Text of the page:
New Orleans Marijuana ordinance study now in the works

Getting caught with pot remains a criminal offense, but won't necessarily land you behind bars in New Orleans. Now, Councilmember Susan Guidry is working to see if the City Ordinance is working.

NEW ORLEANS- Strong comments about Marijuana and a New Orleans law lessening the penalties for possession are reigniting a debate about the law's effectiveness.

It's been a year since the city council passed the ordinance. A new study is in the works to see if it's working.

"We will do a one year study. We should have that information coming in from NOPD and municipal court within the next month," Councilmember Susan Guidry said.

Guidry spearheaded the ordinance. City council members passed it unanimously last March.

Right now, first-time pot offenders in New Orleans would have to pay a $40 fine. Statewide for each offense the amount increases. First timers would have to pay up to  a $300 fine and 15 days in jail.

"It keeps police from having to write reports and drag a person into jail for these minor offenses when police could be out working on violent crimes," Guidry said.

There's one very loud voice against the law. According to our partners at The New Orleans Advocate, Orleans Parish District Attorney Leon Cannizzaro called the lower penalty for marijuana possession "stupid," saying it would attract more drug dealers and users to the city.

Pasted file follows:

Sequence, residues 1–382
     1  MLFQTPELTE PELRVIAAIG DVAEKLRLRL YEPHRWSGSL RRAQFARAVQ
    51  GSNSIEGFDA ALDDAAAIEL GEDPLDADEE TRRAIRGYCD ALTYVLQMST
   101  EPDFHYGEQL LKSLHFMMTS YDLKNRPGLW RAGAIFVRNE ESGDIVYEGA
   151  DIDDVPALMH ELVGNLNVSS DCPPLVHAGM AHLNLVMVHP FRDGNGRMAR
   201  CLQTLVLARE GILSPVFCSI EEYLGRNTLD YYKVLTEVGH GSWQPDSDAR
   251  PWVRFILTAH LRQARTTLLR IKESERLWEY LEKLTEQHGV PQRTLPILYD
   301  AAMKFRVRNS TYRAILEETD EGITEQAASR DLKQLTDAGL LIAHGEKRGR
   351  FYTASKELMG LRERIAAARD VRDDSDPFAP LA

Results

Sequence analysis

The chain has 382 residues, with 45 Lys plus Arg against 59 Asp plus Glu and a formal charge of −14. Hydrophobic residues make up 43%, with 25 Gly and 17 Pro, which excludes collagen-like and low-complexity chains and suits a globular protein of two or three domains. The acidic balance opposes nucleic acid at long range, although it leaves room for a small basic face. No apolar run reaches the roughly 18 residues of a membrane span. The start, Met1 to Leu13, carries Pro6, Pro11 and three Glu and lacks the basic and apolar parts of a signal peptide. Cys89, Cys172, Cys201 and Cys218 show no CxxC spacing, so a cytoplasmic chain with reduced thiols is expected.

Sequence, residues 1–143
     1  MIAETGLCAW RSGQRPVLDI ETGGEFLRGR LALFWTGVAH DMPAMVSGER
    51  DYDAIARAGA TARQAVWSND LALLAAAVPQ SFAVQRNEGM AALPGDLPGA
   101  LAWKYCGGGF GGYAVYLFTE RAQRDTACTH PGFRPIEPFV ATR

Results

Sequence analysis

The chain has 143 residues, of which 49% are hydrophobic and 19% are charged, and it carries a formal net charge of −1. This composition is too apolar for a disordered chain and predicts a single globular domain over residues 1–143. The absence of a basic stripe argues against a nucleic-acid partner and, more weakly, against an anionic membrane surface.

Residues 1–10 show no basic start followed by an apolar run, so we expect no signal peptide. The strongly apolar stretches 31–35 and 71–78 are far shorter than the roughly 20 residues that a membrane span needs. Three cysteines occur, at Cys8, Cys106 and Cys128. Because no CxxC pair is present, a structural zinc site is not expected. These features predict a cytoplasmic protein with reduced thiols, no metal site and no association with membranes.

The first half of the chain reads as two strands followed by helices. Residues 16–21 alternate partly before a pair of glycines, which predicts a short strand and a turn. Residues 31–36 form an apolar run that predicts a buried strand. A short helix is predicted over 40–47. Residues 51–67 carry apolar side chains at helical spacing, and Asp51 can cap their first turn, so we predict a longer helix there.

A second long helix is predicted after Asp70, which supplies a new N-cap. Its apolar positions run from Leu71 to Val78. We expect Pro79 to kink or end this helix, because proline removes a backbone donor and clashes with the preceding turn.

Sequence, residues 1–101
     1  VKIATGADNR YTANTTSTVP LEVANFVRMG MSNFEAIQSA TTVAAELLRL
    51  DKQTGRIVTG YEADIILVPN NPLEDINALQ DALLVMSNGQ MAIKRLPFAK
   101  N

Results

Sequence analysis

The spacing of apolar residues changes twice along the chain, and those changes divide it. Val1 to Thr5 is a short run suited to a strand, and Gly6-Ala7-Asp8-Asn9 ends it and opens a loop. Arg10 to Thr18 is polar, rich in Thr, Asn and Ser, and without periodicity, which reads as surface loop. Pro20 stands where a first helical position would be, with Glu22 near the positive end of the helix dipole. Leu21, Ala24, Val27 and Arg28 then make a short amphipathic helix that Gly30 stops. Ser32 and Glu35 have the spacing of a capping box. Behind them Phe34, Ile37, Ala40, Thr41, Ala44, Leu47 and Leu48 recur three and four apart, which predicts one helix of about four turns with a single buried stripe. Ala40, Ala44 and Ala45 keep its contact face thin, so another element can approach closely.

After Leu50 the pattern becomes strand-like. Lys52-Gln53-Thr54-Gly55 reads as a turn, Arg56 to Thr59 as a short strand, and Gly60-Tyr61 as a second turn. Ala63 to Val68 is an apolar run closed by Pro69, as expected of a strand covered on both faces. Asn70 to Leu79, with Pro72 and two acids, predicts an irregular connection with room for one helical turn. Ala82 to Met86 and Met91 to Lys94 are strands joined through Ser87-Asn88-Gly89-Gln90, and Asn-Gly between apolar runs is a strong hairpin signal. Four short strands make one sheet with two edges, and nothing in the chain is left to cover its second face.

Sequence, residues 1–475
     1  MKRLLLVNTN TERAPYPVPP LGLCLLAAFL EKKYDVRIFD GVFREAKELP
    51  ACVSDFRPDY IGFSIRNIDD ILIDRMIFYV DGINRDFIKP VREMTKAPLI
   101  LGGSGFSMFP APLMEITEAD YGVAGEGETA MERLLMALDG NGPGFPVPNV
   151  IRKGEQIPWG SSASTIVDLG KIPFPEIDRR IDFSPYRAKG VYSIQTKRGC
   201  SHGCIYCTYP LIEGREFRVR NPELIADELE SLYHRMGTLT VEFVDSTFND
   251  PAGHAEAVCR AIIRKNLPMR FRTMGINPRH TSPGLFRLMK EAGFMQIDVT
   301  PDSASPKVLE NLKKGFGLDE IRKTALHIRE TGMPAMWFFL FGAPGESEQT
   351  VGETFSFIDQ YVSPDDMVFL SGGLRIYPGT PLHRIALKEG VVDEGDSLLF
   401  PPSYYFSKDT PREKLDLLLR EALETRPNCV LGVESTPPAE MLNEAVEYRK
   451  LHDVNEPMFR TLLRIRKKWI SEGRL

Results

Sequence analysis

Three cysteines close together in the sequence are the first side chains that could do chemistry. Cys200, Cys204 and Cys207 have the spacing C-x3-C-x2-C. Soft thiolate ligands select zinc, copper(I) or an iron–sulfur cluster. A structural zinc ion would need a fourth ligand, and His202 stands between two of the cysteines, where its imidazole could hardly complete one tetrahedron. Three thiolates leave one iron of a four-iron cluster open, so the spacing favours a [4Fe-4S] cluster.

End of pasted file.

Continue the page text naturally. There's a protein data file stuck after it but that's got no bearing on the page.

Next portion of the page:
"I think in this case the DA is once again a total outlier on criminal justice issues. We're not decriminalizing, we're just keeping the people from having jail time for it," Guidry said.

After hearing the comments by Cannizzaro, WWL-TV Crime Analyst Jeff Asher looked at the number of simple possession citations from January to March of this year. In March alone, Asher says there were 140 incidents of simple pot possession.

"It started really a couple of months ago.  Picked Up steam in January and February.  And March was, there were more offenses and incidents of marijuana than there's been in any month going back to when we had data which was 2011," Asher said.

© 2017 WWL-TV


JOIN THE CONVERSATION

To find out more about Facebook commenting please read the
Conversation Guidelines and FAQs

Leave a Comment